Everyone Hates Chris Pratt Voicing Mario in the New ‘Super Mario’ Movie

Analysis

Does anyone want to see Chris Pratt play Nintendo’s Mario? Aside from Chris Pratt and his agent, that is?

There’s something deeply absurd about Pratt—formerly a beloved sitcom star, now one of Hollywood’s most wooden hunks—voicing a diminutive Italian plumber. As soon as this bizarre casting choice was announced on Thursday evening, Twitter exploded with some of the funniest dunks we’ve seen in a while. There’s clearly zero overlap between Pratt’s commercial Hollywood success and the Nintendo fans who actually care about the new Super Mario Bros. animated movie.

Celebrity voice-casting is a divisive topic among animation fans because it usually comes across as a cynical bid for publicity. Professional voice actors find it increasingly hard to land roles like Super Mario Bros., replaced by stars who may not be as qualified for the job. So while some of the Super Mario cast sounds fun (Charlie Day as Luigi; Jack Black as Bowser), Chris Pratt as Mario sounds like the nadir of celebrity stunt-casting. So much so that someone literally predicted it a year ago:

To be fair to Pratt, he actually is more experienced than your typical A-lister taking a voice role. He previously starred in The Lego Movie and Pixar’s Onward. However, this casting choice still angered a lot of Nintendo fans because it puts Mario’s original voice actor out of a job. Charles Martinet is a prolific voice-actor who has played Mario since the 1990s, along with voicing Wario, Waluigi, and Luigi. The new movie relegates him to some unspecified cameo roles.

Pratt’s personal image also plays a role in this backlash. Despite starring in a string of lucrative blockbusters, he’s undoubtedly the least beloved of the four Hollywood Chrises, a squad of stars whose caucasian interchangeability became a punchline. He specializes in a kind of “lovable asshole” role that many people find annoying, and there’s a definite sense that his success relies more on his proximity to established brands (Marvel, Jurassic Park, Lego, etc.) than his own talent or charisma. It doesn’t help that he has a vague reputation for right-wing politics. Basically, he’s the kind of public figure that people love to hate.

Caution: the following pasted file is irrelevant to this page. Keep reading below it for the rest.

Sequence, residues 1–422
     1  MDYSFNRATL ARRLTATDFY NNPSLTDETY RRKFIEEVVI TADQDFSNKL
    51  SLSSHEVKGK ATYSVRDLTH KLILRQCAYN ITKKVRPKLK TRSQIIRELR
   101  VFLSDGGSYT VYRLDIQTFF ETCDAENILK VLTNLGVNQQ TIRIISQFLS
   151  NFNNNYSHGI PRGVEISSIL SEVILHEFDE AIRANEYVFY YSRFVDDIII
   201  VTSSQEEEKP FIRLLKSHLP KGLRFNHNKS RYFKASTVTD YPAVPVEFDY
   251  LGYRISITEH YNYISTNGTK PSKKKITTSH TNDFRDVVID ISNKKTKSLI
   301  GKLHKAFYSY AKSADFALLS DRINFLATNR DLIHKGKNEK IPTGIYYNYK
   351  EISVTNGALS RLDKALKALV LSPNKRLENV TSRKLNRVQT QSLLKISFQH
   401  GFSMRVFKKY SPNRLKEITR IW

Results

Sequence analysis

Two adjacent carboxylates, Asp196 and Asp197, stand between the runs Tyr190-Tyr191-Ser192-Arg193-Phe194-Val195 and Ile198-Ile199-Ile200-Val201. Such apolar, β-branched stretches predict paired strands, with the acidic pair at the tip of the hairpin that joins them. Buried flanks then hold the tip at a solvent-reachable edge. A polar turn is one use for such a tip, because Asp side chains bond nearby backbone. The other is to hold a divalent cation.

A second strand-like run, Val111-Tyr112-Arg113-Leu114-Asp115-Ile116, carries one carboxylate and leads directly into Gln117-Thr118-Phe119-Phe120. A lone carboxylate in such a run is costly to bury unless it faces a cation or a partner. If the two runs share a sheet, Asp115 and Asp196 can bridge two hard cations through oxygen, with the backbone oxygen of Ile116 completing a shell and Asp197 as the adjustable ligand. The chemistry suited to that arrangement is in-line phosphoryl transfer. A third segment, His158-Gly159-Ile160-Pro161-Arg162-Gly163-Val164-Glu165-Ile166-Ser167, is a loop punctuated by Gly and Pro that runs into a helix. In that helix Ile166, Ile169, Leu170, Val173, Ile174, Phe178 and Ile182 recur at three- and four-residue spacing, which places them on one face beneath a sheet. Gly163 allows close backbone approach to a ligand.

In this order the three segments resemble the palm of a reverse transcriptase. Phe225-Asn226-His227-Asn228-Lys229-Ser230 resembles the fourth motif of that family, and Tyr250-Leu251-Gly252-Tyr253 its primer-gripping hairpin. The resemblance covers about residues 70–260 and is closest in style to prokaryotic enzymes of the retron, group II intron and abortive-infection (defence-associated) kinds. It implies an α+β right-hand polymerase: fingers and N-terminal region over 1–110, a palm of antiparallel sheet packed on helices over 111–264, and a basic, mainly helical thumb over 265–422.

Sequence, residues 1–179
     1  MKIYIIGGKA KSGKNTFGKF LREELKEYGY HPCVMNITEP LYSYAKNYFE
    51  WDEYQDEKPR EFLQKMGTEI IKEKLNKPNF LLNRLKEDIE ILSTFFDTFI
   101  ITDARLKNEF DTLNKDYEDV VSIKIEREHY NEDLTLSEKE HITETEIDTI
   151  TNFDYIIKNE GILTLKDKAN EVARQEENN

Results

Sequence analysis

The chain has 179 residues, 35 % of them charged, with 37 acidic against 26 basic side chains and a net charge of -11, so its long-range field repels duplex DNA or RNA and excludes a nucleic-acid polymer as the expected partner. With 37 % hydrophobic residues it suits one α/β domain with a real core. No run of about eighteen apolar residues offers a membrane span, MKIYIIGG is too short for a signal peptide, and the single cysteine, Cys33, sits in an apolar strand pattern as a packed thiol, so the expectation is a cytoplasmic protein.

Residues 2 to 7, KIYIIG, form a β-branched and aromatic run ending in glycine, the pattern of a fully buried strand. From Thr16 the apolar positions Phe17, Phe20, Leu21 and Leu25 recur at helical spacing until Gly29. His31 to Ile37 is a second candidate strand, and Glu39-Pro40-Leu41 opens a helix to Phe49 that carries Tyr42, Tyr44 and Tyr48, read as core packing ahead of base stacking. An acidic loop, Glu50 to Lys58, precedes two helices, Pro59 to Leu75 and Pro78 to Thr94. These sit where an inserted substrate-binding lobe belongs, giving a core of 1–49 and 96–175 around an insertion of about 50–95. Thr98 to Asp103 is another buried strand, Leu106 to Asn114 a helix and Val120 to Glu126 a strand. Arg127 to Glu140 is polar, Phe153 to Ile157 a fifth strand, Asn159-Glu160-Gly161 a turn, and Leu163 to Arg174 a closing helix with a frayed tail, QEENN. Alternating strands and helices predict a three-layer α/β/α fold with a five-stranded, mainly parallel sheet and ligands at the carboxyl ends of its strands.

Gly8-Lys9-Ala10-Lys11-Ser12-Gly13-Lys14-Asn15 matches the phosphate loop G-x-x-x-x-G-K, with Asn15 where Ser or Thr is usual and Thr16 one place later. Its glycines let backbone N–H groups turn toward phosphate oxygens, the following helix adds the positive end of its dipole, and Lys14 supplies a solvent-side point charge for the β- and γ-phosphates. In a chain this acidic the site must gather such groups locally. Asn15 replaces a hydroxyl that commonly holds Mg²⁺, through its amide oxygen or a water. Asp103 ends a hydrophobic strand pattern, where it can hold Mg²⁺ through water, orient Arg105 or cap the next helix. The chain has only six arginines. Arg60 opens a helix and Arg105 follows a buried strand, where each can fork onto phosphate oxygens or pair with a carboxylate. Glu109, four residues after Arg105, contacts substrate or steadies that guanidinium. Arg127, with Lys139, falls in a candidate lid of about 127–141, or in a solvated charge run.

And in the specific context of Mario, there’s a secondary problem. The accent. Created in Japan, Mario is an Italian caricature whose catchphrase is “It’s-a Me, Mario!” His dialogue in the games is fairly limited, and the more he talks in the movie, the weirder it will probably sound.

In the context of Twitter reactions, this issue plays into a long-running meme about the concept of anti-Italian discrimination—something that was a serious issue in 20th century America but isn’t really a thing in 2021. Some famous examples include Elon Musk cracking down on an Italian Elon Musk parody account and Twitter users mocking Andrew Cuomo for blaming his sexual harassment allegations on his Italian heritage. And, let us not forget, that one time when someone tried to make “Italianx” a thing.

Congratulations to the new Super Mario Bros. movie on finding such a rich and exciting array of ways to piss people off. And unlike the Sonic backlash, we haven’t even seen any footage yet!

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*First Published: Sep 24, 2021, 6:49 am CDT

Gavia Baker-Whitelaw

Gavia Baker-Whitelaw is a staff writer at the Daily Dot, covering geek culture and fandom. Specializing in sci-fi movies and superheroes, she also appears as a film and TV critic on BBC radio. Elsewhere, she co-hosts the pop culture podcast Overinvested. Follow her on Twitter: @Hello_Tailor

Gavia Baker-Whitelaw

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